Today is the second anniversary of the shootings at Sandy Hook Elementary School in Newtown, Conn., in which 20 children and six adults were killed by a gunman named Adam Lanza who then killed himself. There have been repeated calls since then for Congress to take some action to prevent more gun violence but none has been taken. Since the Dec. 14, 2012 Newtown killings, there have been more at least 44 school shootings on K-12 or college campuses in 24 states, according to a new report. In this post, Marie Corfield, a New Jersey art teacher, mother and activist, writes an open letter to elected officials asking them to do something, finally. Corfield gave me permission to publish this piece, which appeared on her blog.Read full article >>






Categories: Education News

Strauss: What Arne Duncan’s new senior adviser did to N.Y. schools

Sun, 12/14/2014 - 11:00am
John King is leaving his job as commissioner of New York State schools commissioner to become a senior adviser to U.S. Education Secretary Arne Duncan, with the “roles and responsibilities of the deputy secretary,” according to the Education Department, which issued a statement giving King high praise for his work in New York. Some in New York think otherwise. Here’s a piece by award-winning Principal Carol Burris of South Side High School in New York, who was named New York’s 2013 High School Principal of the Year by the School Administrators Association of New York and the National Association of Secondary School Principals, and in 2010, tapped as the 2010 New York State Outstanding Educator by the School Administrators Association of New York State. Burris has been exposing on this blog King’s troubling record in implementing school reform program in New York. You can read some of her other word here and here and here.Read full article >>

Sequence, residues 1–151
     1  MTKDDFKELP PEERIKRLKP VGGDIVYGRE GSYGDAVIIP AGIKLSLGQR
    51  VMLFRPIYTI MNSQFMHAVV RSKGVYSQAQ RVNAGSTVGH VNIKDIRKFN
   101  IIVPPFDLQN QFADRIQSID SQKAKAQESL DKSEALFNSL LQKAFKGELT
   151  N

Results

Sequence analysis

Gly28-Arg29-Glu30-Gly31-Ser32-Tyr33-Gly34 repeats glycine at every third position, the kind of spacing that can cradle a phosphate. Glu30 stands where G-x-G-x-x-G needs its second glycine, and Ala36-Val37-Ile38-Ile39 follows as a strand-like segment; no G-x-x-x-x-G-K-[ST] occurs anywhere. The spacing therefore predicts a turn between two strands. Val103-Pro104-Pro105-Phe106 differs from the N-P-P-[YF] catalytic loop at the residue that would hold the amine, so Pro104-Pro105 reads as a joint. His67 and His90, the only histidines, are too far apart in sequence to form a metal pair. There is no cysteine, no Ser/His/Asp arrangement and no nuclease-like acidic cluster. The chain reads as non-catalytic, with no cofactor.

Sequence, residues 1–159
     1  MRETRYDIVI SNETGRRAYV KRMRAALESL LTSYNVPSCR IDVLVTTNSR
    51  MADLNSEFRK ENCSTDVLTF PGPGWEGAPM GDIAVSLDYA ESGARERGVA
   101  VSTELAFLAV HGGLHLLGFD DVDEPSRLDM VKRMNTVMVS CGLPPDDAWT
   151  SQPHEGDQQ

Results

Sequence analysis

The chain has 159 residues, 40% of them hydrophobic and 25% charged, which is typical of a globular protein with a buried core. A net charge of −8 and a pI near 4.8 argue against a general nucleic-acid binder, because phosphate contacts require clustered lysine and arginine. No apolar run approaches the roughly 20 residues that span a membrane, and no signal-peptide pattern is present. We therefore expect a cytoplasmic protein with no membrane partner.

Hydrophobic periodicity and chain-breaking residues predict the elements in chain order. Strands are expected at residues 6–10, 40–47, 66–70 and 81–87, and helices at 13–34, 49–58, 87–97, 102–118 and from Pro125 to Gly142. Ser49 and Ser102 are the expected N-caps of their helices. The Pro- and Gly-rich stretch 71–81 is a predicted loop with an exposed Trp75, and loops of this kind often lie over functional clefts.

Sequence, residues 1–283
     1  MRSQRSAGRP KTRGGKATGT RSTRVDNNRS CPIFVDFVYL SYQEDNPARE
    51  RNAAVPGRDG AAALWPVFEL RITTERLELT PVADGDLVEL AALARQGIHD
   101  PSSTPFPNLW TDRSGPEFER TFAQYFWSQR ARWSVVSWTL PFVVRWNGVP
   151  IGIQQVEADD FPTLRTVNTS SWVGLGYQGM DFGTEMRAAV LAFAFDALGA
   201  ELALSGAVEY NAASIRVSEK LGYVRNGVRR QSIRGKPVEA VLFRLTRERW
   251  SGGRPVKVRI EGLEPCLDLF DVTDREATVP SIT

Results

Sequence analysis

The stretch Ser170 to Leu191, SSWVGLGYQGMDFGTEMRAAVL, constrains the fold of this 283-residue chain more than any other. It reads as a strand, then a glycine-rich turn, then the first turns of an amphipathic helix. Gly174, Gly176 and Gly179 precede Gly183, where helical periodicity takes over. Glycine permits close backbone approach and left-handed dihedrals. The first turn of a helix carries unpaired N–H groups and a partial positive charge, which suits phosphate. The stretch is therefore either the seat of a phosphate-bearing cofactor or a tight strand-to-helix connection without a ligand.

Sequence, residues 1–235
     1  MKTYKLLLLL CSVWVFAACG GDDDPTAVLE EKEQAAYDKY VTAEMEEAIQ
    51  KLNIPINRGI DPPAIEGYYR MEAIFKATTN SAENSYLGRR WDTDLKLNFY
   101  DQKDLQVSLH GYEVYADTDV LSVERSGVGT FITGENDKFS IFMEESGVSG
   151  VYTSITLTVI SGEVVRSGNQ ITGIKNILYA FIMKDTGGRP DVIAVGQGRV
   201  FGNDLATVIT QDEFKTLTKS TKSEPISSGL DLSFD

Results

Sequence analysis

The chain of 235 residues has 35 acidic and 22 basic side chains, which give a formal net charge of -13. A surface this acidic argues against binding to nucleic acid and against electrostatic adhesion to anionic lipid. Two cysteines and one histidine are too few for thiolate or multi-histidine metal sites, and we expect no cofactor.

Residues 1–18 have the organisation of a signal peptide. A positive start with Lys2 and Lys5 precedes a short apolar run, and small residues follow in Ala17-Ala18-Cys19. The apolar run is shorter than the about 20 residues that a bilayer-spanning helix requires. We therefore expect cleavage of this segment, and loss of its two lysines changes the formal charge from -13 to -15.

Categories: Education News

Strauss: Major charter researcher causes stir with comments about market-based school reform

Fri, 12/12/2014 - 3:51pm
Margaret Raymond is the founding director of the Center for Research on Education Outcomes, known as CREDO, which is part of the Hoover Institution located at Stanford University. CREDO’s mission is researching and evaluating educational policy and is best known for its research studies on charter schools in the United States.Read full article >>






Categories: Education News

Wilson High principal Cahall, who came out as gay, says he’s losing job over test scores

Fri, 12/12/2014 - 3:14pm
Peter Cahall, the Wilson High School principal who made national headlines last year when he came out as gay to his students at Pride Day activities, said he learned this month that his contract will not be renewed next school year because of test-score performance at the Northwest Washington school.Read full article >>






Categories: Education News

High-poverty school divisions harder hit by state funding cuts in Virginia, study says